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There are a lot of ephemeral factors that impact a player’s ability to enjoy a game, especially on the PC, where the huge number of potential system configurations mean that it’s impossible to playtest every possible arrangement. And I’m not talking about things like writing, or level design, or even bug-testing. I’m talking about the little things, the ones that can ruin a game, despite never being the features that go on a box in big bright marketing-speak.
Things like: How fast does the cursor move in the menu? Is my character’s walking speed fast enough to get around without being annoying? Are there things that take two button clicks, when, with slightly better design, they could take one? Game designers have learned, over the years, how to make games feel more convenient, without sacrificing difficulty or quality (and the fact that they’ve had to learn over time is what can make the experience of going back and playing older games such a daunting one). We play games to enjoy ourselves, whether that means being challenged, or amused, or scared. We don’t play them to have our time wasted.
The single biggest offender (for me, at least) are load times. When a game can’t get a handle on these, it turns every choice to load a save, or enter a new area, into a game of time management. Do I have the patience to wait for this to load? Or do I just skip the potential content in that area? How many times, when you were playing Mass Effect 1, did you think about checking if your squadmates down in the Normandy had something fresh to say, but said ‘Screw it’ when you remembered the 20 second elevator ride between you and them? Those moments of frustration damage player mood, and they discourage exploration.
The Thrill of Experimentation
All of this is to say that, if more games used the saving/loading system in place in Tom Francis’s excellent stealth/hacking/spring-loaded-pants game Gunpoint, gaming would be a much better place. The system is very, very simple: The game seamlessly autosaves every few seconds. When you die, you’re offered several choices. You can reload the most immediate save, a save from about 7 seconds ago, or one from 20 or so seconds ago. You can also restart the mission.
The genius of these saves is that they’re perfectly timed to the game’s pace. The first option is usually good enough to reverse whatever dumb thing you did to get yourself killed. The one before it undoes the decision that put you place to make that dumb decision, and the oldest save is almost always good enough to undo everything you’ve done wrong in the level, period (and if not, the levels are bite-sized enough that a restart isn’t that onerous).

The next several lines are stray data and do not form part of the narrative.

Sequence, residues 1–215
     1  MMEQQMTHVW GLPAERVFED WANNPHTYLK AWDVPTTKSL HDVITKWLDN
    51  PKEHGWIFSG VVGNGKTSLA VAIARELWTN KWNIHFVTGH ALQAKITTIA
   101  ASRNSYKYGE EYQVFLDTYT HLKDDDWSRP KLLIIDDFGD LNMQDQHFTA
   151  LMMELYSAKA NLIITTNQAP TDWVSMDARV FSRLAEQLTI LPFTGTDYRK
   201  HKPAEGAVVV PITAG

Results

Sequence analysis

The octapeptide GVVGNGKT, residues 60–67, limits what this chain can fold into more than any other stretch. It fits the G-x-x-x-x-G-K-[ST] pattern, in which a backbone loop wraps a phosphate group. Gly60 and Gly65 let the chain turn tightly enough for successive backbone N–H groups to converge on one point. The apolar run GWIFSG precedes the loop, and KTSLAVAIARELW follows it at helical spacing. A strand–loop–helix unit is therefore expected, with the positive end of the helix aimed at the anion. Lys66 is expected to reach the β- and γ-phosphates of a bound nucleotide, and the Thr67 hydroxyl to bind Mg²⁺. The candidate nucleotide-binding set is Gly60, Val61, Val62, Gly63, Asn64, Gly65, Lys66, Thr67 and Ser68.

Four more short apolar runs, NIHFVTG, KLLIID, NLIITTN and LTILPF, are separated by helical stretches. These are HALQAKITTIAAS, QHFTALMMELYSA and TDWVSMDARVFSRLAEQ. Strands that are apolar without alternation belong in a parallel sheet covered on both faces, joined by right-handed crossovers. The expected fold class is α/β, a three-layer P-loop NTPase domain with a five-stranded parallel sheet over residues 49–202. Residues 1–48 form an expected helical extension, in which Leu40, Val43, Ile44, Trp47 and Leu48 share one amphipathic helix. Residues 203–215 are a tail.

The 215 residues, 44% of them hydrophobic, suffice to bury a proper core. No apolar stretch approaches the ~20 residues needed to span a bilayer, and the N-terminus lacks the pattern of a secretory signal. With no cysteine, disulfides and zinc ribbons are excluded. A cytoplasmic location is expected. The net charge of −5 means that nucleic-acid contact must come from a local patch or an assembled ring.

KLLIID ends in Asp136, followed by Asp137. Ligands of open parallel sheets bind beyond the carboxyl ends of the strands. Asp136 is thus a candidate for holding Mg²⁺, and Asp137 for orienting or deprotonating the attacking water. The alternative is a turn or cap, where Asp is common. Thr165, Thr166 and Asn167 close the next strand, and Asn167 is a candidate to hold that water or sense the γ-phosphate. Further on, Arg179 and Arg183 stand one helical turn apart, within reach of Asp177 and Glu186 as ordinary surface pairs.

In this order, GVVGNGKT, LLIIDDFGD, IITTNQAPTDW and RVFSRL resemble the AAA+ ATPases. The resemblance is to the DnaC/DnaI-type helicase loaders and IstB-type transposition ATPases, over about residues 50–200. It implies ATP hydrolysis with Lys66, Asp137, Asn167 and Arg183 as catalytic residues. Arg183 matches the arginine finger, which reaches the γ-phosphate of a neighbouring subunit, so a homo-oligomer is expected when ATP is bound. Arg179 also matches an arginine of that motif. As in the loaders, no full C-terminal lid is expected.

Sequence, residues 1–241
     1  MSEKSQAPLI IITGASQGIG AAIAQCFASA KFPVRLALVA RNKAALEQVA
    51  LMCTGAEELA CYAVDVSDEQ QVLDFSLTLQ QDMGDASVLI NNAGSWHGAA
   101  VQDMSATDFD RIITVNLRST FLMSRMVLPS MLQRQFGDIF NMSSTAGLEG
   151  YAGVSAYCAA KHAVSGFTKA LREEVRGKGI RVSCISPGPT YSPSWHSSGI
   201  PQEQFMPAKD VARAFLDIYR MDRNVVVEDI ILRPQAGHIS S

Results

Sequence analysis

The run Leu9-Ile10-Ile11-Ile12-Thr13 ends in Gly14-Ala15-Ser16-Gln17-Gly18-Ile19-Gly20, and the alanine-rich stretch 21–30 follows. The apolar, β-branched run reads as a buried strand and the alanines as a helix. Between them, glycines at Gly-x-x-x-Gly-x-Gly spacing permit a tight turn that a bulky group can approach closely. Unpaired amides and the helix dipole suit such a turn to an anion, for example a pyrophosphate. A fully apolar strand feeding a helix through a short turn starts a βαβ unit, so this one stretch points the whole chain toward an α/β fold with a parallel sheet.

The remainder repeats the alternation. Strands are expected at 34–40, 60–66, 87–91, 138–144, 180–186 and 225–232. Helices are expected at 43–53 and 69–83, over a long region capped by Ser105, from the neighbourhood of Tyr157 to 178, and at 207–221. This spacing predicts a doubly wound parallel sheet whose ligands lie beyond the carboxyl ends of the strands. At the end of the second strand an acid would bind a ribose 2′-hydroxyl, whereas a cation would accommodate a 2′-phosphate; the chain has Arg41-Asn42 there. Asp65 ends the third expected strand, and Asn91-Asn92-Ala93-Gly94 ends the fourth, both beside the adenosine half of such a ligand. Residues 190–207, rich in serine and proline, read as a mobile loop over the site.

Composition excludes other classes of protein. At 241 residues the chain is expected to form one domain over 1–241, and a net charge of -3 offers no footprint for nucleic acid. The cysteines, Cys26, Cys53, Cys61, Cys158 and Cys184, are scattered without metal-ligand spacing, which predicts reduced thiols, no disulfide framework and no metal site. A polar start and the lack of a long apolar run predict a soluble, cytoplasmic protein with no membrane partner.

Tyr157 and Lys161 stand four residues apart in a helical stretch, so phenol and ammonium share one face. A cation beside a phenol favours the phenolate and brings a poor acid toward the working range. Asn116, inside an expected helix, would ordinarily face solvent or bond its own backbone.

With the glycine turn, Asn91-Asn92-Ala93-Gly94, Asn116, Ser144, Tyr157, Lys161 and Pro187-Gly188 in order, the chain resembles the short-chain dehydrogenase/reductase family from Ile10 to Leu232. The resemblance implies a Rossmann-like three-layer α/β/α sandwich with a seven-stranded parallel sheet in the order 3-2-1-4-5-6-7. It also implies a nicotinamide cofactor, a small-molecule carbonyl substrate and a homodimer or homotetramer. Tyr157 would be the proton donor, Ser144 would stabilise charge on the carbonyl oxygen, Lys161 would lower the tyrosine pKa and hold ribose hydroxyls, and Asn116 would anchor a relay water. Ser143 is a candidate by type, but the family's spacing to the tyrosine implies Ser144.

This does two things. One, it makes it clear how well Gunpoint’s individual moments are designed, with clear, interesting choices offered to the player every five seconds or so. “Do I leap on a guard, making him a potential witness?” “Do I trigger a lightswitch that’s been wired to that door and hope I can dodge the guard?” “Do I smash through the window in a Hail Mary desperation move?” The save mechanic makes it clear just how fast-paced and exciting Gunpoint can be.
More importantly, though, it makes choices like those in the above paragraph possible, because it completely removes the idea of ‘failure’ from the game. There are only ideas that work, and ideas that don’t. Every move forward in the game is an experiment, one that outputs information about how the world works, and without the player being punished or penalized by having their progress or their time stolen from them when the result is negative. In games with limited saves and long load times (and ‘long,’ in this case, means more than two seconds or so, long enough to feel like the game’s limitations are holding you back), trying things that might be damaging or ultimately pointless is discouraged, because the player is punished for putting the game into a failure state. In Gunpoint (where experimentation is key, because the game’s central ‘Crosslink’ mechanic encourages players to rewire levels extensively, often with unforeseen consequences), experimentation is actively rewarded with new information to tackle the game’s levels.
Risk and Reward
I’m not arguing that every game should adopt this system. I wrote recently about how failure is used in the stealth game Monaco, where being caught by guards is the start of a crescendo of violence and escape. Monaco is a game that’s fundamentally about risk, about wagering your characters’ lives to accomplish your goals, and to remove risk from that scenario would be folly. The ability to undo a mistake would rob the game of all of its tension. The thrill of Monaco is in escaping by the skin of your teeth against tough odds. It can be emotionally devastating to fail a mission at the last moment, but deeply thrilling to succeed.
Gunpoint lacks those same highs (and lows) – it rarely engages the emotions (through gameplay, at least – the writing can be quite evocative). Instead, it offers a more sedate experience, presenting the world as a laboratory for the player to explore. Its most thrilling moments are the joy of discovery, when an elaborate series of traps you’ve Crosslinked together go off perfectly. And the save system enables those mechanisms to be explored and found, with no threat of pain or death.
Load times are a sign of technical limitations, but they are also a question from the game designers of how much the player will put up with. Will we accept 2-second load times, in exchange for a larger level or better graphics? A 10-second one, to get nicer-looking textures? I think it’s significant that Tom Francis, who for many years reviewed games for PC Gamer before trying his hand at game production, answered that question definitively with Gunpoint: No. Stealing time from the players is always, for any reason, wrong.
I tend to agree.